With a personal passion for food followed by an effort to bring excitement to the otherwise ordinary, Justine’s pieces aim to inspire. And she’s only getting started.
“There is a fine line between pushing yourself and treating your body like it’s a machine.”
Alisa Damaso: How would you describe your creative process? How much planning goes into a single piece?
Justine Barrett Figura: Since my work is centered around the kitchen and the table, many of my ideas come to me in those places. I keep a sketchbook of drawings, notes and brainstorming pages where I work out ideas on design, form and pattern. I will often sit and write out a list of every single thing I would like to make if time were not an issue and then I go from there. I rarely get through the whole list due to one deadline or another, but keeping those ideas in mind is important. It helps to inform the other things I’m making and helps me better understand the themes in my work.
Each piece goes through several generations before I find exactly how I want to make it. For example, I make mugs in rounds of 20 or so, and they shift ever so slightly each time I make them. So a single form goes through maybe five generations before I get it right, and there are many I’m still not satisfied with. It’s in the making where the idea speaks to me, because I can analyze an idea forever, but nothing tells me more about the form than creating the thing itself.
AD: Who and/or what are your sources of inspiration?
JBF: I love browsing kitchen stores, [studying] fine dining design, and looking at fashion magazines and clothing patterns. I am very affected by color and changes in season and in light. I love the interplay between different materials like wood, metal, glass, ceramic and fiber — materials that stand the test of time and have a rich history throughout the world.
I live in the mountains in a remote little town, so the landscape and abundance of wildlife is really inspiring and refreshing. It’s also a farming community, which serves to remind me about the importance of food and supporting local businesses, and I very much rely on that mentality from others.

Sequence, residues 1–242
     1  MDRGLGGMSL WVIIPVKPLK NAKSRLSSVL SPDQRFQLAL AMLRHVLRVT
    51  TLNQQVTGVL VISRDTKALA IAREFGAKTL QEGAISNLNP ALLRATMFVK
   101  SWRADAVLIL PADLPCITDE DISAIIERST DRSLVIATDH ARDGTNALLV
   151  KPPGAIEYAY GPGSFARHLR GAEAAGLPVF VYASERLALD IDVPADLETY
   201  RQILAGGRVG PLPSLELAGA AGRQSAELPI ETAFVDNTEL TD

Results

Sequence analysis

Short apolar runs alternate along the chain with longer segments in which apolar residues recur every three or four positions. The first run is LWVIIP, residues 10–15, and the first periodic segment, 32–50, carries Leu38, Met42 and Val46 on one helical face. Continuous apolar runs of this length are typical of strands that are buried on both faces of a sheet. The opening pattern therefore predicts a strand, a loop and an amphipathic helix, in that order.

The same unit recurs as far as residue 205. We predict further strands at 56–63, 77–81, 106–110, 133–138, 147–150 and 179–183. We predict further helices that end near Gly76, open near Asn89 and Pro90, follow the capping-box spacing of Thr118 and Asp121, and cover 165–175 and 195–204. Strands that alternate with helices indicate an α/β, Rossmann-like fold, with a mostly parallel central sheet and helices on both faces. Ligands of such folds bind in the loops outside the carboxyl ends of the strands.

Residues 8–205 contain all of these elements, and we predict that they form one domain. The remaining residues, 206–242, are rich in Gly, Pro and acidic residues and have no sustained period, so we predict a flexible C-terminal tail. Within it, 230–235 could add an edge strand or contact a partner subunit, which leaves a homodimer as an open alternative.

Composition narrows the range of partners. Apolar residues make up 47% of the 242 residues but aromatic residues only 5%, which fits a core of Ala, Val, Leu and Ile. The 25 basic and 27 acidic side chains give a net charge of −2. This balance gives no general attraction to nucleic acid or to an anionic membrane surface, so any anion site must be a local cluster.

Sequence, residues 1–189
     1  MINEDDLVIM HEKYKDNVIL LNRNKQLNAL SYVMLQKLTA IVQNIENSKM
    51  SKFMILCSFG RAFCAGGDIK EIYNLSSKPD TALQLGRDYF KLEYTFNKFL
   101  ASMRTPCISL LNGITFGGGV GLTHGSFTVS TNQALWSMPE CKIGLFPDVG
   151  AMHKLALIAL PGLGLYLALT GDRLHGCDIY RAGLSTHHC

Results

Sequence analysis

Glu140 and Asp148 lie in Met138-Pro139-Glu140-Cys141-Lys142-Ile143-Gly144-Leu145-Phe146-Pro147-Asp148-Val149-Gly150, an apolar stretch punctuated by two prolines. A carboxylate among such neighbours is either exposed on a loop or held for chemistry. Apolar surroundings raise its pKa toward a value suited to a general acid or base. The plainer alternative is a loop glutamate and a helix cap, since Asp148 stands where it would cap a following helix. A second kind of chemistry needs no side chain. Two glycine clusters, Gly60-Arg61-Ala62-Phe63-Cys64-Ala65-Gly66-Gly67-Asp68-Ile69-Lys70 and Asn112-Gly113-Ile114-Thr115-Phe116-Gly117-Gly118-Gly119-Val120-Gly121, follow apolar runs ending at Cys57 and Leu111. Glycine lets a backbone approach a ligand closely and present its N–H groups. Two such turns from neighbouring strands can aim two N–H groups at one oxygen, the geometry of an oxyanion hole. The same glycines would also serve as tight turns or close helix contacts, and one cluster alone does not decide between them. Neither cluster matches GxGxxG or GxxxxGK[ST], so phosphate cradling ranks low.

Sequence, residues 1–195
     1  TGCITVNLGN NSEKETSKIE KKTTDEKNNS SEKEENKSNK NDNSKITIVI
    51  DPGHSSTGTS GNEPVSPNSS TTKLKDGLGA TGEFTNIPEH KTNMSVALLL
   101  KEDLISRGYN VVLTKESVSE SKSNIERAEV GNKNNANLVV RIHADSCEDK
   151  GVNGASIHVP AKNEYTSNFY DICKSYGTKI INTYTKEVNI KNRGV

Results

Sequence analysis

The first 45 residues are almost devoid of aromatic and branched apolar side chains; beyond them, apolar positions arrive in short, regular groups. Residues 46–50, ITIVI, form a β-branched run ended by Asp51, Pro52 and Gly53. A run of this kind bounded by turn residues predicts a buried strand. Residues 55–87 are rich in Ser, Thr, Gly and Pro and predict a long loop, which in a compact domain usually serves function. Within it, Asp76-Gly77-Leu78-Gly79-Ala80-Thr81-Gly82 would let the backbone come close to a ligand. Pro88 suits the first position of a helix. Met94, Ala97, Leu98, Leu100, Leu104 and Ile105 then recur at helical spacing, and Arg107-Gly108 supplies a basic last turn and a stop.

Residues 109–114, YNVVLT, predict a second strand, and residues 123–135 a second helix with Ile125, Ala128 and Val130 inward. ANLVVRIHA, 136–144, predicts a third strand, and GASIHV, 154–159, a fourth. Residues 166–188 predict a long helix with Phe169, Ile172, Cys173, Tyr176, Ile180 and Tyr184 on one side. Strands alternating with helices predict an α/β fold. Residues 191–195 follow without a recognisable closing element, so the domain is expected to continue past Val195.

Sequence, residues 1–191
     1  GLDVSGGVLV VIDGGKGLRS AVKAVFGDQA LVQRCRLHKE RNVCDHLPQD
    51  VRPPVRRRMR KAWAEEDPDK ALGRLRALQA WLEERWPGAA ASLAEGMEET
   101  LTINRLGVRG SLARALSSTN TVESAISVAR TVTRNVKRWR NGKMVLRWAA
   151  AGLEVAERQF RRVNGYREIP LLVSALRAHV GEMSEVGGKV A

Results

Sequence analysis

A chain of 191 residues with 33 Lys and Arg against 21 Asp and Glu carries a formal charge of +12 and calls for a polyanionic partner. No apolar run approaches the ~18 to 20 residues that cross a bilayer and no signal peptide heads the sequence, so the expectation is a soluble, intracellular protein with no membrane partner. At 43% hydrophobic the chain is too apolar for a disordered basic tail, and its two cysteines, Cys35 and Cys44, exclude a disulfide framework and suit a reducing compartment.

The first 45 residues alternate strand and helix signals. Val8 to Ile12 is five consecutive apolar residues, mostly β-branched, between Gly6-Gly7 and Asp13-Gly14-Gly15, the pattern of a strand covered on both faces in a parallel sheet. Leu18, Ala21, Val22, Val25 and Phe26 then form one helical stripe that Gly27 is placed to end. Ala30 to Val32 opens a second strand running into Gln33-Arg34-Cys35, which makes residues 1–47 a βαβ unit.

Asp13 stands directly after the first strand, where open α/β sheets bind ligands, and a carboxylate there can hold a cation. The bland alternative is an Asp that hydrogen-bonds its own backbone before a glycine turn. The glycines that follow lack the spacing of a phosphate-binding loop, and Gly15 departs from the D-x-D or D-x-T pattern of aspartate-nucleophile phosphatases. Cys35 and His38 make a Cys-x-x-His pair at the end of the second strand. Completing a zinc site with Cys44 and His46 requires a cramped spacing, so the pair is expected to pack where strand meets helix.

I am greatly influenced by many contemporary potters — Lorna Meaden, Mark Shapiro, Gwendolyn Yoppolo, Mary Barringer, as well as all of the 16 Hands potters based in Floyd. Also my husband, Grant, is a very talented artist and being able to bounce ideas back and forth helps me creatively and emotionally, and reminds me why I’m doing what I’m doing.
AD: What are your biggest challenges as an artist, and how do you get through them?
JBF: My biggest challenge is definitely finding a balance. There is a fine line between pushing yourself and treating your body like it’s a machine, and this is something that I am constantly relearning. If I don’t force myself to take a day off, I won’t do it. And then I get really worn out and much less productive. I also tend to be really hard on myself, and I think most artists have this problem. Why can’t we just give ourselves the same advice as we would a friend? I have to literally shut my brain off to my work when I am home. It hasn’t been easy and I am getting better, but like everything, it is a process.
Check out more of Justine’s work at her website, justinebfigura.com.